Simply giving him good qualities at all makes the audience forgive many of his negative ones. For example, there is a character named Zoya who hates Alina and sets about making her life miserable at the castle. It never goes beyond a fight and (heaven help us) a love triangle and yet she is one of the most hated characters in the trilogy. Meanwhile the Darkling ends the series by threatening to murder an orphanage and we rationalize away his behavior. Why? The answer is simple: The Darkling’s bad qualities are far worse but he has good ones that contrast them. Zoya has no redeeming qualities beyond being a capable fighter, which isn’t inherently a good trait. While her negative attributes are considerably smaller, those attributes are all there is to her character over the trilogy, giving us less to route for. Depth makes a good character. We forgive the heinous crimes of the Darkling because we know him well. We’ve seen his personality, his reasonings, his motive, and even his past fears and trauma. We see what got him to where he is and part of us wishes for his eventual redemption into the person we know he can be. But if you do not showcase their potential and only give them bad qualities, the audience will have no incentive to root for the villain’s success or change. It is important to note that once Zoya becomes a perspective character in book six and we know her better, she becomes one of the series best characters. A shallow knowledge of a character combined with a lack of good qualities will create a character the audience loathes.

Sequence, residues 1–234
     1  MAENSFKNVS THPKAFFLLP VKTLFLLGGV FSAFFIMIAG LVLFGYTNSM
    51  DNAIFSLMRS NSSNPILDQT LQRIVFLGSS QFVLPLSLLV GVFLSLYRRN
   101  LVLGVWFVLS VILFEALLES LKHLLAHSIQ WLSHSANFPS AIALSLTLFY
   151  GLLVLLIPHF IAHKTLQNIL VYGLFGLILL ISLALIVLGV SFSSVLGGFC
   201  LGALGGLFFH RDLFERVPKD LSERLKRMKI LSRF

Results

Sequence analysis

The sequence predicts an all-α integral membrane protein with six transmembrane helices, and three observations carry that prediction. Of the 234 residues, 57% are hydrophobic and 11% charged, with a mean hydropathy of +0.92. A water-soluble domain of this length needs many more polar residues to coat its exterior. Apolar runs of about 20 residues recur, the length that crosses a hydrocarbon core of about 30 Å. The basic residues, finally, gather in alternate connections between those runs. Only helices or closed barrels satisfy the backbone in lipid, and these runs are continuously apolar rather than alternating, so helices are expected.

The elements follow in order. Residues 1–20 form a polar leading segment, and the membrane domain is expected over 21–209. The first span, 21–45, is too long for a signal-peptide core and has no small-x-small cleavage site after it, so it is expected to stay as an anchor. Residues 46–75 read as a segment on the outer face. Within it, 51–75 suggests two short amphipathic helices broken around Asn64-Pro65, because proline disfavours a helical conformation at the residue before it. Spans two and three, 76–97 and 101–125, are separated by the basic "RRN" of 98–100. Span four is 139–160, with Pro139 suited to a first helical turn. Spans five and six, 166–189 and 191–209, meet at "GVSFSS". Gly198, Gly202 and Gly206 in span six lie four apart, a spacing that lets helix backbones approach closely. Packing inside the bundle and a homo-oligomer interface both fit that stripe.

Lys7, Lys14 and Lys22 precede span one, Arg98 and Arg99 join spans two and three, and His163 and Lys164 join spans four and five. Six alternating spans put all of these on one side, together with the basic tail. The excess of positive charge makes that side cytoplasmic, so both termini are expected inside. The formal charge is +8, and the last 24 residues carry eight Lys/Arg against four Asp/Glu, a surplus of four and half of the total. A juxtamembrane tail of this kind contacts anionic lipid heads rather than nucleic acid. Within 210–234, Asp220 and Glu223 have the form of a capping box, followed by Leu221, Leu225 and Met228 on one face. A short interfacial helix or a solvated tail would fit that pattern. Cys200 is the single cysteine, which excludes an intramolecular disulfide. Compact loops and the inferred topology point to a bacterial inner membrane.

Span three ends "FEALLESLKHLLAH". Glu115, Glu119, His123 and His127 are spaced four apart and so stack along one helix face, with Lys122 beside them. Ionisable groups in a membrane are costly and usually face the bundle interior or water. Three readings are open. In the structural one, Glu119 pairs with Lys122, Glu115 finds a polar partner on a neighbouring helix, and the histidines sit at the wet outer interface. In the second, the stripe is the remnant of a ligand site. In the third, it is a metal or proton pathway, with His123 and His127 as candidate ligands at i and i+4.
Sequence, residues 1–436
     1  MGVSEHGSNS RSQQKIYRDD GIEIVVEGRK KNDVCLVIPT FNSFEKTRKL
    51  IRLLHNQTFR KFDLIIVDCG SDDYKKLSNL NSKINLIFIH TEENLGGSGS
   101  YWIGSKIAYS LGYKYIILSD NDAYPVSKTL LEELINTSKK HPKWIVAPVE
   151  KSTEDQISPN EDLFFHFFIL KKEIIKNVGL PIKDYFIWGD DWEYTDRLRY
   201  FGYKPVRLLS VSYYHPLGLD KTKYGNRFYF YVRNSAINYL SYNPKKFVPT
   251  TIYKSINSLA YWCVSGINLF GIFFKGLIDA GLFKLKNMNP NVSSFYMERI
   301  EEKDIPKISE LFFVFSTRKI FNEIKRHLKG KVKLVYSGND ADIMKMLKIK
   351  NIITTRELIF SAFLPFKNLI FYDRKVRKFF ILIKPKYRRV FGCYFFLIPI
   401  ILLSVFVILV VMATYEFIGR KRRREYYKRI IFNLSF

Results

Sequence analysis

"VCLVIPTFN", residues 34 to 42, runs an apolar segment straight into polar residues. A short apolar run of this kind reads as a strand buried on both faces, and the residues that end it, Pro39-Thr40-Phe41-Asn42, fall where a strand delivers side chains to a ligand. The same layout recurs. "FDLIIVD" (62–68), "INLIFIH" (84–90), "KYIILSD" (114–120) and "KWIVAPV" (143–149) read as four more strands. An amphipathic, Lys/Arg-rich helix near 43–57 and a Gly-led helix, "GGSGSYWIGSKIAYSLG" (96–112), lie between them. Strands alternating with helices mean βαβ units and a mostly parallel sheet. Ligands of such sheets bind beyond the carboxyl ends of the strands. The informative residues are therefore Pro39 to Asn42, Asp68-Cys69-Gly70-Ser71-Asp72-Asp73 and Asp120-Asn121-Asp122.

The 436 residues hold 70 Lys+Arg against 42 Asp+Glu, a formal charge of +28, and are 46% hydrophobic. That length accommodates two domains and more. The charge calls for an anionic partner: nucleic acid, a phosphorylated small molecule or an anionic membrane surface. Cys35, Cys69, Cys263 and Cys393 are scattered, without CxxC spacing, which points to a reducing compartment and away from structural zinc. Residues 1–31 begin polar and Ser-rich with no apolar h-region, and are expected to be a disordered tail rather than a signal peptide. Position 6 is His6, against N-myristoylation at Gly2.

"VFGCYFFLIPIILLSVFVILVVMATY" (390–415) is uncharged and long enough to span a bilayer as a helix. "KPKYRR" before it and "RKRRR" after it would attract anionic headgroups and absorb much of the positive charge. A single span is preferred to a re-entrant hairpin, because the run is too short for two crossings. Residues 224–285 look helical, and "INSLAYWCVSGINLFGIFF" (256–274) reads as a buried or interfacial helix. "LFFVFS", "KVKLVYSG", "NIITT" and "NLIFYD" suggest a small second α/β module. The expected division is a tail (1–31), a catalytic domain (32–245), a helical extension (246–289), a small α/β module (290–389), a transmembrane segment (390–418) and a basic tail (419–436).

But what was that I said about rooting for him? Well, you do root for him. Once you’ve heard his plan to improve his country and protect it you see it is cold and cruel but also effective. The Darkling eventually usurps the throne, claiming total control over Ravka. He then mercilessly slaughters innocents just to send a message to Ravka’s neighboring countries. However, you get the sense that through these violent means things will improve. The Grisha can have a truly safe haven for the first time in history. Their economy can be saved if they can access the sea and the lives of Grisha and non-Grisha will benefit from that. It will cost the lives of those who were persecuting them and those that resist, but everyone else’s lives will get better. Now, that’s flawed logic and would be terrible for any heroic protagonist but for a villain, that’s the kind of logic that makes us love their character. Well meaning but flawed, effective but not worth the cost.